Children's Christmas Stories

Storytime with the Christmas Classics

It’s beginning to look a lot like Christmas in the Hudson Valley. Each evening as the sun sets, my neighborhood transforms into a sparkling display of holiday magic, complete with more reindeer and Santa Clauses than I can count. The Family Friendly Hudson Valley calendar is packed with festive events, and no doubt your own calendars are filling up with fun, too. In the hustle and bustle of the season, why not take some quiet time at home to enjoy these classic Christmas stories.

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  1. How the Grinch Stole Christmas, by Dr. Seuss
    Read this story of yuletide transformation and quirky, lovable characters, and watch the animated version (narrated to perfection by Boris Karloff) ABC Family.
  1. The Friendly Beasts: An Old English Christmas Carol, by Tomie dePaola
    Read or sing along with dePaola’s story of the animals who gave gifts to the Christ Child. Complete with sheet music at the back of the book, this tale can bring a nativity set to life as children recreate the role of the donkey, “shaggy and brown.”
  1. Christmas in the Manger, written by Nola Buck and illustrated by Felicia Bond
    This charming board book recreates the nativity story for the smallest readers in rhymes that highlight key symbols of the season. Older readers can memorize the poem and watch it come to life in a local live nativity display, or simply appreciate the symbolism of putting that star or angel atop the tree.
  1. The Nutcracker, written by Janet Shulman and illustrated by Renee Graef
    This story of tradition, sacrifice, and love comes to life in Shulman’s retelling of E.T.A. Hoffman’s beloved fairytale. Watch the ballet with costumes by Maurice Sendak or simply bask in the beauty of Tchaikovsky’s score (excerpts included with this text).
  1. The Night Before Christmas, by Clement Clarke Moore
    Share the poem that defined our modern-day Santa Claus as you set out cookies for that “jolly old elf.” Listen closely for the faint sound of jingle bells and be sure to watch the film version on ABC Family.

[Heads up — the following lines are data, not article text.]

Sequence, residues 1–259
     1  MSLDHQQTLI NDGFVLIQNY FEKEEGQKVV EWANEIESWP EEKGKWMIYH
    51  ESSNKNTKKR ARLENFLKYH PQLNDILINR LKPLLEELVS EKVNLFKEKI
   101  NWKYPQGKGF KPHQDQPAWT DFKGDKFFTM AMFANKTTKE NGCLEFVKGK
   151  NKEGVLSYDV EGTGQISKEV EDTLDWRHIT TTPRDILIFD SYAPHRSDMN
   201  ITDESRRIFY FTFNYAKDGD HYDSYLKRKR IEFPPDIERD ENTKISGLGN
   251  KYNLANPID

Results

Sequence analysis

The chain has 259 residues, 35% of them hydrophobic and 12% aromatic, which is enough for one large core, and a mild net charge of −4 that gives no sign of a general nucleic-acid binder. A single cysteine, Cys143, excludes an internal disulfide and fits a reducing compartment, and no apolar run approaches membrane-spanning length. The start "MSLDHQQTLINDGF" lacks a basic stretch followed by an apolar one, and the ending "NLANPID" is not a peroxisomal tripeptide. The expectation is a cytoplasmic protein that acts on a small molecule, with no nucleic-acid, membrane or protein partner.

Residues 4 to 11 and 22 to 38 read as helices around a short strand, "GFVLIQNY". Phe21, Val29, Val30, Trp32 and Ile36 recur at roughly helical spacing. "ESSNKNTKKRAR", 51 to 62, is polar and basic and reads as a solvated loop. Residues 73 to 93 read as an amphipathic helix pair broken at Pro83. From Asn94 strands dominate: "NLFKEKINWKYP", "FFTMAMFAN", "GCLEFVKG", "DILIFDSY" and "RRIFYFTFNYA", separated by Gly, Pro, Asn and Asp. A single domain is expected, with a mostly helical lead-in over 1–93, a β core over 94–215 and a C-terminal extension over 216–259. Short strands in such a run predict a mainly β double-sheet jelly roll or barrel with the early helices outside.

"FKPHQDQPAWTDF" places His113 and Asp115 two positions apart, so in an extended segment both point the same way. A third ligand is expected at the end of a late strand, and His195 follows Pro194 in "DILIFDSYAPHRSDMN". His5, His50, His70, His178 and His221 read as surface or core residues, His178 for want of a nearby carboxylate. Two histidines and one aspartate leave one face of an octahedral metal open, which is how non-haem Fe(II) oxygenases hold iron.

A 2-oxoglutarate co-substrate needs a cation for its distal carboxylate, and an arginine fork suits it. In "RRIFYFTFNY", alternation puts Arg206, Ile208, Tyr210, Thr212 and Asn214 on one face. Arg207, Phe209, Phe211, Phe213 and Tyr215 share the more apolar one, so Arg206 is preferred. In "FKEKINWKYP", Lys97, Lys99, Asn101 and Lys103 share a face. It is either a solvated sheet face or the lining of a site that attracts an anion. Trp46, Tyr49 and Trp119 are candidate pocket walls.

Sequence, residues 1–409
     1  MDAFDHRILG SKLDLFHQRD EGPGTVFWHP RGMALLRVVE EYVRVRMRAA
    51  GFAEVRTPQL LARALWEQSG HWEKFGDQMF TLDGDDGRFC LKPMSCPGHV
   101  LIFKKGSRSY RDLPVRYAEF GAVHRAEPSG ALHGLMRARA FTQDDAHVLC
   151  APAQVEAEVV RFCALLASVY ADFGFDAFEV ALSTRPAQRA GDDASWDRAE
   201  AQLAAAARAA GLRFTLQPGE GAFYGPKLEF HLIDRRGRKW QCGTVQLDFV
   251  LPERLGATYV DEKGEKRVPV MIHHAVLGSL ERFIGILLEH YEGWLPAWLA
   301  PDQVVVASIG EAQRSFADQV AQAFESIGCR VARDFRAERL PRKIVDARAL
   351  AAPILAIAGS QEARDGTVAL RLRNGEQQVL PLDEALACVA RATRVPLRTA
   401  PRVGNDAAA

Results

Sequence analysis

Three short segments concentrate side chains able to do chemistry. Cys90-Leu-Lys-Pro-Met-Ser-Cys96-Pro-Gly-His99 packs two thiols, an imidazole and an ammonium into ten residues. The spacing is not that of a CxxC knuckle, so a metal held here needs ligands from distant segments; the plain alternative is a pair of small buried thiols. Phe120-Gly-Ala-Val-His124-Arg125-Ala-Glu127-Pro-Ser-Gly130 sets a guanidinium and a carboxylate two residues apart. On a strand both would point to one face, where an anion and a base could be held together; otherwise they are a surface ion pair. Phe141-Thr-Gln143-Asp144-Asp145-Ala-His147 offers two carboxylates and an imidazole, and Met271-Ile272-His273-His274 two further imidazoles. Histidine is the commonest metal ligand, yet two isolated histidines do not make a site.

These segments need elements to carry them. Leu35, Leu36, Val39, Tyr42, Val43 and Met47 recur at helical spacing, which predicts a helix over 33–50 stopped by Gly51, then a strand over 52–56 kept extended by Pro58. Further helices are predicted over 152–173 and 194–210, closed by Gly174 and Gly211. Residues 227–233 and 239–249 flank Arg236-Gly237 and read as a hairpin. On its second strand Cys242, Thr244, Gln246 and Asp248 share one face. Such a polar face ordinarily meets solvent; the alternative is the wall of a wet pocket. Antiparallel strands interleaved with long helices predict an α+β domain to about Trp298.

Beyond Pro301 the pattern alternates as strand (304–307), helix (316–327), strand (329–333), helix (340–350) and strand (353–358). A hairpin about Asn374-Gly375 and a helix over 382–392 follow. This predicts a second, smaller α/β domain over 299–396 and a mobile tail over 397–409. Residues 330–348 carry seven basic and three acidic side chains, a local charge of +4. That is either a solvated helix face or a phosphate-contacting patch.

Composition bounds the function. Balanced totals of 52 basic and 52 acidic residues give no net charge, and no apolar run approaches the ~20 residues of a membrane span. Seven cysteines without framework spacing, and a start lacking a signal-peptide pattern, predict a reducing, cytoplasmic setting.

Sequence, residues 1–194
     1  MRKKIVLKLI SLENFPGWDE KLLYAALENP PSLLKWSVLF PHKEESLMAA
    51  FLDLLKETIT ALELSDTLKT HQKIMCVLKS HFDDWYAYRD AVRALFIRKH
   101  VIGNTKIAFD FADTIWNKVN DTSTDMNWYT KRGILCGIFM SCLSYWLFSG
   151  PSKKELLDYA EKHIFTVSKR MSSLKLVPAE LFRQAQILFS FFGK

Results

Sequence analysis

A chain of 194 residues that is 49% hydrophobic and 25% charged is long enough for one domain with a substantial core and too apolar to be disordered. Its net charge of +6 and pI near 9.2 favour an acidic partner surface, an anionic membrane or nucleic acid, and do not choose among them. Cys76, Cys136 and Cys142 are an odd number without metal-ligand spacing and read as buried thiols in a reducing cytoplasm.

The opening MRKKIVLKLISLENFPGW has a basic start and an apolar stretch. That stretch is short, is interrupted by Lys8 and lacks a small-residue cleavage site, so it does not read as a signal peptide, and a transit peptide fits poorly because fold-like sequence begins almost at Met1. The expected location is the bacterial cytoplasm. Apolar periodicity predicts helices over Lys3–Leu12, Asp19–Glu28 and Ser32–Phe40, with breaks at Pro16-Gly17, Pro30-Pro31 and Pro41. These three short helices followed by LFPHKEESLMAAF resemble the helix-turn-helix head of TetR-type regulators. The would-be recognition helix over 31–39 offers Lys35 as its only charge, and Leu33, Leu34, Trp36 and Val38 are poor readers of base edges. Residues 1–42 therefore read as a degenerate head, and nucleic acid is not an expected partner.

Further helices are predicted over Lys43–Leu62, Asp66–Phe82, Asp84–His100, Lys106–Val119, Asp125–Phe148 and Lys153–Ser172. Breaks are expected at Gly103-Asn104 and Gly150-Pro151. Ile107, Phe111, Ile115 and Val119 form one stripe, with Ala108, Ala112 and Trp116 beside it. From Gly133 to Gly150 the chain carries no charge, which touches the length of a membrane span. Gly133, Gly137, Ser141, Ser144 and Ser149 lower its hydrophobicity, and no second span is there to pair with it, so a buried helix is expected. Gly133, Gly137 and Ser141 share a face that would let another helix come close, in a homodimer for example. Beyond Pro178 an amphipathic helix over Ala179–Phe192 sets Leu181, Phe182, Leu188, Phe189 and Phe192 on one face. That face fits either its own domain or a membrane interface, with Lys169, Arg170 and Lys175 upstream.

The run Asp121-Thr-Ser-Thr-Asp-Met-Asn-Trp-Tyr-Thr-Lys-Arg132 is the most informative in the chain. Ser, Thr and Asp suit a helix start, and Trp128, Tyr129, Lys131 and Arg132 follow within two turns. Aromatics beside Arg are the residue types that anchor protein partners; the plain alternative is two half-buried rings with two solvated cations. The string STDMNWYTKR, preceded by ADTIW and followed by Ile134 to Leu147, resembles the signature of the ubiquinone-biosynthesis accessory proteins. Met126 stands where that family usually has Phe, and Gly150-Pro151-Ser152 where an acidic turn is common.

1. Mr. Willowby’s Christmas Tree, by Robert Barry
    This rhyming story shows how Mr. Willowby passes on the joy of the season, little by little; read it with friends or loved ones as you decorate the tree or distribute gifts, and then, pass it on.
  1. The Twelve Days of Christmas, by Laurel Long
    With this lavishly-illustrated rendition of the classic carol, you can finally learn all the words and sing along, page after stunning page.
  1. The Wild Christmas Reindeer, by Jan Brett
    You know Dasher and Dancer, but Brett introduces readers to eight other reindeer with names and illustrations inspired by Ukranian folklore. Readers will love getting to know new magical reindeer and can still remember that “most famous reindeer of all” by watching the 1964 film here.
  1. Christmas in the Big Woods, written by Laura Ingalls Wilder and illustrated by Renee Graef
    Step back from the frenzy of the holidays and enjoy this joyful glimpse into a simpler season with the Ingalls family.
  1. A Christmas Carol: A Colors Primer, written by Jennifer Adams and illustrated by Alison Oliver
    Introduce the smallest readers to colors and the infamous Mr. Scrooge; then watch one of the many delightful family versions of Dickens’ tale of redemption with Mickey, Disney, or the Muppets.

 And may your holiday season be anything but a humbug.

About the Author: Erin Newcomb loves books of all sorts. When she’s not reading and playing with her two daughters, she enjoys teaching literature courses at SUNY New Paltz. She holds a PhD in literacy education and is working toward a world record for number of interlibrary loans. You can catch up with her on Twitter @ErinWyble and on her blog PhD Mama.





We love how the grinch stole Christmas!!! 🙂 great books! There is a few in here I’ve never heard of and will have to check out!

Yona Williams

I want to read the 12 Days of Christmas again because I don’t have all of the days down pact. I think illustrating a book featuring that carol would be so much fun.


Some of my favorite Christmas stories have been adapted into Christmas movies I love. The Grinch Who Stole Christmas and The Night Before Christmas are definitely a couple of my favorites.

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